Human Energy Systems Lesson 1 Background Information

Three-dimensional Learning Progression

Understanding data representations. Lessons 1 and 2 focus on helping students make sense of representations of data about Earth systems. This is difficult and challenging for many students. We see four interconnected issues:

  1. Representation: Students see many different representations of data about Earth systems. For example, in Lesson 1 students see (a) animations of satellite data showing maps that change over time, (b) tables with numerical representations of sea ice extent, and (c) graphs showing patterns and trends. Students need to recognize that even though they look different, these are all representations of the same phenomena. They also need to recognize that the same variables (e.g., time, extent of sea ice) are represented in different ways, and that there are different choices about which data to represent from a larger data set.
  2. Generalizability: Data about Earth systems are usually selected to be representative of patterns in systems, but the relationship between the patterns in the representation and the patterns in the Earth systems can be difficult and confusing. For example, students make graphs after choosing one month (September) and recording data for September of each year. What patterns in these data extend to other months? How are patterns in these data connected to data from other places, such as the Antarctic or lakes that freeze over in North America? Students need to consider and answer questions such as these.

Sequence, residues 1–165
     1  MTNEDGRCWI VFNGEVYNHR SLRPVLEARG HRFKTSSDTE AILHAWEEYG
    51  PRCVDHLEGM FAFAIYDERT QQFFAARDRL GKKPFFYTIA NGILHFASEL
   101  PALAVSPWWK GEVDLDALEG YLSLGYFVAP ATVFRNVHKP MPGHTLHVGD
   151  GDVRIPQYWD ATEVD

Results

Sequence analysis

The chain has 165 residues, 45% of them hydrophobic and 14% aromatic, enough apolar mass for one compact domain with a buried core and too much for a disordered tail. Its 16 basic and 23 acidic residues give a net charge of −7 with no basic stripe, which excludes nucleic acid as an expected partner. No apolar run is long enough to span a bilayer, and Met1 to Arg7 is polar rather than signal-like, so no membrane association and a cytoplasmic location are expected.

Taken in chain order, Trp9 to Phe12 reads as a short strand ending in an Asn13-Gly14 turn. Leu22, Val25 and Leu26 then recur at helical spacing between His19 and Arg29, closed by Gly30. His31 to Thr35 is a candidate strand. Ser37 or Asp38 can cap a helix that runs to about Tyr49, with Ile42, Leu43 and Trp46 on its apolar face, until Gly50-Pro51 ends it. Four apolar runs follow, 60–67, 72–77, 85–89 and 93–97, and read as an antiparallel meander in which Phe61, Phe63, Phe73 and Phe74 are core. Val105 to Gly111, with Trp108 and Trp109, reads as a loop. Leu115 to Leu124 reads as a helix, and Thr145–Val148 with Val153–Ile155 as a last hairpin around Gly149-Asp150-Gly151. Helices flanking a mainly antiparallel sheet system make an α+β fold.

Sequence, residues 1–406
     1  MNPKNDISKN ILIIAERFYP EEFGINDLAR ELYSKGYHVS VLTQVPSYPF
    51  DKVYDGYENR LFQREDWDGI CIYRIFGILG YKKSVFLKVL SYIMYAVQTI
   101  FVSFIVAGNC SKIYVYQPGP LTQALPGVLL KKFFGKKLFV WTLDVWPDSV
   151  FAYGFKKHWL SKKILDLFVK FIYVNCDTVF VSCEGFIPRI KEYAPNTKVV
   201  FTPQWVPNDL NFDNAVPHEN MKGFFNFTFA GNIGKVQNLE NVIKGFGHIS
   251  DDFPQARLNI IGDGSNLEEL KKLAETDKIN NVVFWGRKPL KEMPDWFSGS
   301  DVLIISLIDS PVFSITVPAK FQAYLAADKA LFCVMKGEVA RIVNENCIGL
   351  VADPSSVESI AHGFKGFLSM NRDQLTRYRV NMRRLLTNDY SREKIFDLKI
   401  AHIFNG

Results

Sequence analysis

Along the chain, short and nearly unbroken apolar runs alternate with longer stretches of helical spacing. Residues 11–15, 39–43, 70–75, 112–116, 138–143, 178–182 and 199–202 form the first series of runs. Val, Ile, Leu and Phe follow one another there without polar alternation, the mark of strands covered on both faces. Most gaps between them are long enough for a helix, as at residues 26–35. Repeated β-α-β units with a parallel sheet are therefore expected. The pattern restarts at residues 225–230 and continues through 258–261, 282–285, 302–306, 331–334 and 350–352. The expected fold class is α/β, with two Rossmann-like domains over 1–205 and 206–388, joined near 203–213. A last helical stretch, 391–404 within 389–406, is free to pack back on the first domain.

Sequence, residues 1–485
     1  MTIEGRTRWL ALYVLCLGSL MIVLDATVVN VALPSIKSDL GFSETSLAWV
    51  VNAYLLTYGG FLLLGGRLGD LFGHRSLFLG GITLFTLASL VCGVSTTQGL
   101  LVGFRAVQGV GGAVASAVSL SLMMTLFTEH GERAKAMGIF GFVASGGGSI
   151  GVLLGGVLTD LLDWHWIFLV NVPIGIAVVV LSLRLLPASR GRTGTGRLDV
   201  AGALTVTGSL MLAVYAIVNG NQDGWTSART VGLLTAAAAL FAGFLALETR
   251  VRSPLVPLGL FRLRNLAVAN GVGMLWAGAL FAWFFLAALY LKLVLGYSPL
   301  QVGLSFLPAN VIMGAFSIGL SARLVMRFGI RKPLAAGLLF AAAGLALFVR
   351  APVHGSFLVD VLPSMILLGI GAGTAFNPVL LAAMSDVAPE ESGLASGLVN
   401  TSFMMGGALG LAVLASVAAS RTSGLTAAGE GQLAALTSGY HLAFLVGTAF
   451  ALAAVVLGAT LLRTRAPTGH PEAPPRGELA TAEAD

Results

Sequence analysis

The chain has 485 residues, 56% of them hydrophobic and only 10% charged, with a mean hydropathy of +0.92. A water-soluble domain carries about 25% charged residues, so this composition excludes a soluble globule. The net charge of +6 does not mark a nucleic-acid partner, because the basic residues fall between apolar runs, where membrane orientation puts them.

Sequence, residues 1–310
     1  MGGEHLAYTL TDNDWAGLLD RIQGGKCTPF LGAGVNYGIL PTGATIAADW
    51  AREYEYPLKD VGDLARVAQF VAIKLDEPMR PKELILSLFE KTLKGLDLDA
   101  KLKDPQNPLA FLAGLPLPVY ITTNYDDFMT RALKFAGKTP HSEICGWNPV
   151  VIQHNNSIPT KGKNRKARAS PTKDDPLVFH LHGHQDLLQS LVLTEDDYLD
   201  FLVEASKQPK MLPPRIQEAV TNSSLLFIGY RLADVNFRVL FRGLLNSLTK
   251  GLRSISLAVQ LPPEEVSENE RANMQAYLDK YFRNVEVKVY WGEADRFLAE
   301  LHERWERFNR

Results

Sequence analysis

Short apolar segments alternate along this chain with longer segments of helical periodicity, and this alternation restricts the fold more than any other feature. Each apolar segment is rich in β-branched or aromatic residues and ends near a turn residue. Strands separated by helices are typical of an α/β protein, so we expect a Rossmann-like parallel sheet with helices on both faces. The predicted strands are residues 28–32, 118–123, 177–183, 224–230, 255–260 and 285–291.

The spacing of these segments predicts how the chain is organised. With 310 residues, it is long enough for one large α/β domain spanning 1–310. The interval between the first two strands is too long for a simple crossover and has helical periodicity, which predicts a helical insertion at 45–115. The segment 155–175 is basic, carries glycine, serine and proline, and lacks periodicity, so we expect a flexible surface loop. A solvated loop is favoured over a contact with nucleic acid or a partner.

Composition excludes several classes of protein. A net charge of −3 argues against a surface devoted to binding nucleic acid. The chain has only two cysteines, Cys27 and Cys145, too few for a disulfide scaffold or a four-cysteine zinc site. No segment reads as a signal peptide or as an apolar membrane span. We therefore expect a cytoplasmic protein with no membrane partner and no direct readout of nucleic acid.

3. Short-term variability: Like many data sets about Earth systems, Arctic sea ice data show random variation from one year to the next; there is no good way to predict whether the extent of ice will go up or down in the next year, or how much. Most humans are very good at finding patterns, even when they don’t really exist (this is why games of chance are so popular). So students need to recognize randomness and understand how it limits our ability to make claims about short-term patterns or predictions of how sea ice will change in the next year.
  4. Long-term trends: Arctic sea ice is also like other Earth systems in that even when data are noisy in the short term, there can also be clear trends over longer periods of time. Students need to develop strategies for identifying and representing long term trends, such as the averaging strategy that they practice in Activity 1.5.

Explaining patterns in Earth systems data. Students need to recognize that random patterns in short-term variability are very difficult or impossible to explain, but that good explanations for long-term trends are often possible.

Some students will probably suggest that the decreasing trend in Arctic sea ice is due to “climate change” or “global warming.” They need to recognize that this kind of explanation—recognizing relationships between variables—is useful, but doesn’t go very far. Scientists look to understand mechanisms: How is climate change affecting Arctic sea ice, and what is causing climate change. We hope that Lesson 1 will end with these unanswered questions, to be addressed in later lessons.